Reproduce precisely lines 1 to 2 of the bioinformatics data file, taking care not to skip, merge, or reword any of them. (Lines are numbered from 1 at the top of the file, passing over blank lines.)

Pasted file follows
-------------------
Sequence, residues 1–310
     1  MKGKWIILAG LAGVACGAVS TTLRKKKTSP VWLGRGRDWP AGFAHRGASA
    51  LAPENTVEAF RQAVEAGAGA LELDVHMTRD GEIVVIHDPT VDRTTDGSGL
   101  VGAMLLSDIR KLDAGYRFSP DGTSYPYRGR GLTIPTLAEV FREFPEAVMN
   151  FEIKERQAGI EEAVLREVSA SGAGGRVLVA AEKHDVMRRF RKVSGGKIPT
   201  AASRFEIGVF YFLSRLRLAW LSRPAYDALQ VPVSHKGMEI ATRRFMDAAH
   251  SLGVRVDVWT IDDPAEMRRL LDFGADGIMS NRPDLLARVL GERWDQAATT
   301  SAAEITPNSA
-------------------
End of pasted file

Sequence, residues 1–310
     1  MKGKWIILAG LAGVACGAVS TTLRKKKTSP VWLGRGRDWP AGFAHRGASA